The Roundhouse in November 2020. (Eddie Moore / )
SANTA FE – New Mexico is facing a lack of accommodation for inmates who are leaving the prison system and needing stable housing while they return to the community, correction officials told lawmakers Wednesday.
In testimony from the committee, heads of the state adult probation and probation department and a transitional housing program said it was difficult to find suitable housing, especially for geriatric inmates and others in need of mental health or medical care.
But stable living is a decisive factor in helping former prisoners to find work and to be successful after their imprisonment.
“There is always more demand than there is space,” said Ricki Bloom, program manager for Dismas House, a transitional housing program in the North Valley of Albuquerque. “We need more beds.”
A particular challenge is that a large part of the low-income and subsidized housing in Albuquerque is managed by companies that prohibit letting to felons.
The testimony came as New Mexico lawmakers prepare for a 30-day session next year devoted primarily to preparing a state budget, amid forecasts for strong sales growth.
Governor Michelle Lujan Grisham, with authority to add to the agenda, said she intended to make public safety legislation a priority for the meeting.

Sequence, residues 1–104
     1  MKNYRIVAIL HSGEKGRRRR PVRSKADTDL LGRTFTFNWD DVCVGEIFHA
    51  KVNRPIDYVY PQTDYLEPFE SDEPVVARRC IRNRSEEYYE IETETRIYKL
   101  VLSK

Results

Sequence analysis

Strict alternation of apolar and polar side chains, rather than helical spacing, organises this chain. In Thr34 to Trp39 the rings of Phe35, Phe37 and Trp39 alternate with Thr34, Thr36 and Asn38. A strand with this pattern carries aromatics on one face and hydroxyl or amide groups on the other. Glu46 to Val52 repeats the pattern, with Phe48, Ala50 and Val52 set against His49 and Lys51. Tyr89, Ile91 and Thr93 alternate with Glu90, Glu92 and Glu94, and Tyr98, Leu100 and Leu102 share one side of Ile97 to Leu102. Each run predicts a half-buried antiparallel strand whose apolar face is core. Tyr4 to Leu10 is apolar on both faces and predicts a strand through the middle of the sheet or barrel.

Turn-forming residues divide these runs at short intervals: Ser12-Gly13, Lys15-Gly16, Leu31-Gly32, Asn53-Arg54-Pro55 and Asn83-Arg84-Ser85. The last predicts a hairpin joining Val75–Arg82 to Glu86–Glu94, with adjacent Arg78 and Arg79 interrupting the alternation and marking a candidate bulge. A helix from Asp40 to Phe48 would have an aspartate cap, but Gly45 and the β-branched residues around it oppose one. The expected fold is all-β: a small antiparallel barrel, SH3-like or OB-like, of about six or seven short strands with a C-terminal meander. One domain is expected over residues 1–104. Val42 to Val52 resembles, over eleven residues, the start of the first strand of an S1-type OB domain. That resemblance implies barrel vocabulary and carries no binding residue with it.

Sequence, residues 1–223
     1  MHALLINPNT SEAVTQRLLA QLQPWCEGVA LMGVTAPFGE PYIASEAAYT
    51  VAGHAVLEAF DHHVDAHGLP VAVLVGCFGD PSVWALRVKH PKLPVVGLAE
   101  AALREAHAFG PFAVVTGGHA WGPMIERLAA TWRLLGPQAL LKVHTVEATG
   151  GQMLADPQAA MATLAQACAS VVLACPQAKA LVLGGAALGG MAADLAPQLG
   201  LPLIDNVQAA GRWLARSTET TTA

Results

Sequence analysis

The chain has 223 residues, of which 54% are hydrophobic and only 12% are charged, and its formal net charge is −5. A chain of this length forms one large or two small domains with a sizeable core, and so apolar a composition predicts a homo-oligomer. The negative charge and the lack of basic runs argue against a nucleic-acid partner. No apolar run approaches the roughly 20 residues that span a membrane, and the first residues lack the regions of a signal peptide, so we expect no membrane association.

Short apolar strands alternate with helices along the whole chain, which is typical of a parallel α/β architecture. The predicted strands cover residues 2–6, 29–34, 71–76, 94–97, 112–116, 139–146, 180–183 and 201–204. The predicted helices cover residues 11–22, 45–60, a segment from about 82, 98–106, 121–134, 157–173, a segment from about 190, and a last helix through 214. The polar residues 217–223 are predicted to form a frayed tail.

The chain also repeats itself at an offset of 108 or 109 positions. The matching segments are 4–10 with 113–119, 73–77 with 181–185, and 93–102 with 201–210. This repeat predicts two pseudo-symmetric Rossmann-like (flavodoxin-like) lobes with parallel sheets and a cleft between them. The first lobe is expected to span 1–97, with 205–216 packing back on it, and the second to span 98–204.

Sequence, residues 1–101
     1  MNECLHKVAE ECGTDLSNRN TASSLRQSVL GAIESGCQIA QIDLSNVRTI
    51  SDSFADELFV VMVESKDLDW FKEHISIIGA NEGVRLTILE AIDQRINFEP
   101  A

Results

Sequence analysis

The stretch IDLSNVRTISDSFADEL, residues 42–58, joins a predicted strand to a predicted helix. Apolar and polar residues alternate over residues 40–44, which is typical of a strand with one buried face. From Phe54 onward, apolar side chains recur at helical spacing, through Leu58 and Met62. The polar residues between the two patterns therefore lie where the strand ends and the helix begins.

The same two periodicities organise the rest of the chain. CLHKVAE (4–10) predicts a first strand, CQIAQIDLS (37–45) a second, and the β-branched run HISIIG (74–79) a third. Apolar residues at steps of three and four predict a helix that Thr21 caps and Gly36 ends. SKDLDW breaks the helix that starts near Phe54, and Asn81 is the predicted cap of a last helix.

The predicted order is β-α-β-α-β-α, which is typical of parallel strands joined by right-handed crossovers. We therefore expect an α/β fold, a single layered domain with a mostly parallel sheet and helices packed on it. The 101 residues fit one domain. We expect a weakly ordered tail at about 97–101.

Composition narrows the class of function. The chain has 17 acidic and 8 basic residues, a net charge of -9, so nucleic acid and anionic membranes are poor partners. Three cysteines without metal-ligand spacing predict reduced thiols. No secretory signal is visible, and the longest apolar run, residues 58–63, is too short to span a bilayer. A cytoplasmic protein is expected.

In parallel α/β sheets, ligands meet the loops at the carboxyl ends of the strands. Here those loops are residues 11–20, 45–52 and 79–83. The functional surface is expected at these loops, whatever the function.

Albuquerque – the state’s largest city – is having a record year for homicides. The debate on fighting crime and homelessness was a focus of this year’s mayoral election in the city.
Lujan Grisham, a Democrat, and all 70 seats in the House of Representatives are up for election next year. The Democrats have large majorities in both houses of the legislature.
Rep. Gail Chasey, a Democrat from Albuquerque and co-chair of the Legislative Judiciary, Criminal and Justice Committee, who heard the apartment’s presentation, said expanding options for people exiting the prison system will help improve public safety would contribute.
“Everyone is talking about the safety of the community – and they are legitimately concerned,” said Chasey, “but if you find people who are (released) and help them stabilize, you will make the community safer.”
She suggested that the state could ask business leaders to ensure that serious criminals are not banned from renting apartments in subsidized housing.
Haven Scogin, manager of community corrections for the state, said the lack of suitable housing across New Mexico could lead to more ex-inmates ending up in Albuquerque.
“Our goal is to fire people into communities where they come from,” and tap into family connections, Scogin said. “Some often end up in Albuquerque, but have no connection to the area.”
Inmates, she said, usually work with transition coordinators six months before their release date. Special forces review the plan, and if it’s a private home, a probation officer visits the house to speak to family and friends.
Officers can recommend GPS tracking, drug abuse treatment, or other monitoring conditions.
Group housing options for ex-prisoners range from 24-7 supervision in an inpatient program to halfway houses without on-site programming.
The prison department usually pays the housing costs for one to three months.